A New Use for Lye – Getting Rid Of Corpses

Photo credit here.

Photo credit here.

Many people have heard of using lye soap for cleaning.   What do you know about lye?   Lye has been around for a very long time and in the 1800’s larger amounts were able to be produced in laboratories.  Prior to that, lye was produced using wood ash and water.  Hence, lye is a product made directly from the environment.

Recently, lye has been explored as an alternative means for body disposition. When one passes from this life to the next – there are generally two options for the mortal body.  To be placed in the ground or incinerated.  Cemetery plots take up precious green space. The alternative, crematoriums, emit carbon dioxide and mercury from dental fillings which is not optimal.

Brad Crain, who is the president of BioSafe Engineering felt there had to be a more ecological friendly answer.  His company makes big stainless steel cylinders that house the body. Lye is then added and they are heated to 300 degrees. Once this cylinder is pressurized with 60 pounds of pressure, a body will decompose in this cylinder down to a liquid that can be safely flushed down a drain.

People in favor of this alternative have called the remains safe and even sterile. Also, a small amount of bone residue will remain which then can be given to families in an urn or another container similar to those that were cremated.

The technical term is alkaline hydrolysis. This system is currently being used by two facilities in the U.S.  One is the Mayo Clinic in Rochester Minnesota in which they use it to dispose of cadavers donated for research. They have been using this method since 2005.

Other users of this method are reported to be veterinary schools, the government and pharmaceutical companies. One mortician interviewed by ABC News indicated they would like to offer this method to customers and would keep the price about the same as cremation.  This alternative should be taught in mortuary science schools as an Eco-friendly alternative for customers to choose. While various programs and courses of study still may not be quite sold on the process, there is no denying it is catching on.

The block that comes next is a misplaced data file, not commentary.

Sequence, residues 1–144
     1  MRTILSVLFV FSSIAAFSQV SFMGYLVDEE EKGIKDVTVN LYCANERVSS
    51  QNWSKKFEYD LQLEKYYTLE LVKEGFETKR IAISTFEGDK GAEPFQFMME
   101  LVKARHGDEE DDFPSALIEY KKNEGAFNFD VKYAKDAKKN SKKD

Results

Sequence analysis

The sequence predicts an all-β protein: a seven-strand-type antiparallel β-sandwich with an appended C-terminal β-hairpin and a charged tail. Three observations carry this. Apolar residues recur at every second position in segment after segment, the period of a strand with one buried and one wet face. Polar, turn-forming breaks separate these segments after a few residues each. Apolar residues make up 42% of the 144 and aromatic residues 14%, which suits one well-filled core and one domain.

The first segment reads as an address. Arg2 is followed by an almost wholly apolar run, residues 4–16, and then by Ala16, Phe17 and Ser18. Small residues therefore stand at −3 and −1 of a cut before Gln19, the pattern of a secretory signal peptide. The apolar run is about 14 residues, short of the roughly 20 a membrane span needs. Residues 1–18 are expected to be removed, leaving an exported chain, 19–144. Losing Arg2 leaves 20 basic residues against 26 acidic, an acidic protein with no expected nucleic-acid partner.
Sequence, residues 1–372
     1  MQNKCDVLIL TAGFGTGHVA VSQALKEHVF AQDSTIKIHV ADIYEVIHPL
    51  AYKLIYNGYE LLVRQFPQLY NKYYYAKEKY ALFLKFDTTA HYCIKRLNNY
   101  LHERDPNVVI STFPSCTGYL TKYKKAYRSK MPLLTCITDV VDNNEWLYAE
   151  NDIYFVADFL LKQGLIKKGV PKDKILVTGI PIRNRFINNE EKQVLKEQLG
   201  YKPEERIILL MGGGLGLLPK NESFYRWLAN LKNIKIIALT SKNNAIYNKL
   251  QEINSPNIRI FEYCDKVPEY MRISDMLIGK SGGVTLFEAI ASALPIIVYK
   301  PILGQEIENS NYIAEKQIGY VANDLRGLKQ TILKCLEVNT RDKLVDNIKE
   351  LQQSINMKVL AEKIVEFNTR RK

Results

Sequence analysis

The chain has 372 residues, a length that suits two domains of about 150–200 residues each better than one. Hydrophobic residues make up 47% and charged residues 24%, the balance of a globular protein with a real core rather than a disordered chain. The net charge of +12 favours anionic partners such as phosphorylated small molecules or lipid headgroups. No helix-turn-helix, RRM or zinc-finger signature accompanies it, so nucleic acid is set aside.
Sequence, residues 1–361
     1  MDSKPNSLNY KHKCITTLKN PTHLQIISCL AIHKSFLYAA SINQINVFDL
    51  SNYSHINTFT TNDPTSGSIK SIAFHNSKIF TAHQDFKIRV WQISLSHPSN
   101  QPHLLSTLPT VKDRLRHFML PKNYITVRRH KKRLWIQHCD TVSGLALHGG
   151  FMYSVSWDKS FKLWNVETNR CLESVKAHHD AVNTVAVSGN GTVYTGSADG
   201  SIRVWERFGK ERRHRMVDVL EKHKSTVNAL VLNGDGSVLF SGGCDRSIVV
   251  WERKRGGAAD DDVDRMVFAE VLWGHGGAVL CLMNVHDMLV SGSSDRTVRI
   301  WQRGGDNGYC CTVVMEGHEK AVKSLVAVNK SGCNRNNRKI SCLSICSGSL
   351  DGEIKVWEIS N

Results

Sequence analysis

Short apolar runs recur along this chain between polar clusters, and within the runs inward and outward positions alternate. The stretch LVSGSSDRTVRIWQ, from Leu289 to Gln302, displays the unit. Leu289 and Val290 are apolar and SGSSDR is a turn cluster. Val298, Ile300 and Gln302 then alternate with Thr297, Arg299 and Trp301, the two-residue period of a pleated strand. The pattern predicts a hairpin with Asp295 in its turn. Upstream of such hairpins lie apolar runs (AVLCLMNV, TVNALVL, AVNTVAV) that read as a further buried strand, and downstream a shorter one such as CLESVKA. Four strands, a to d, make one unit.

As long as people have accepted an alternative to being buried in the ground, I don’t think it would be a stretch for this concept to catch on.  What is the difference of a body being put in a box and incinerated or put in a cylinder and being decomposed?   I would also want to see it as an alternative disposition for my pet.

Having a pet cemetery or plot can be expensive and again, takes up valuable green space.  Why not use this method? At veterinary schools, we feel this should be added to these programs curriculum’s if it isn’t already, as a way to make the practice with animal carcases more prevalent.

This topic is not one that people want to think about, but death is a part of life and how we choose to responsibly direct our remains is something we do need to think about.  Green space is in short supply and does it really make sense to fill it with decaying human and animal remains?  This new use for an age old cleaner is gaining momentum.  Let’s support it!

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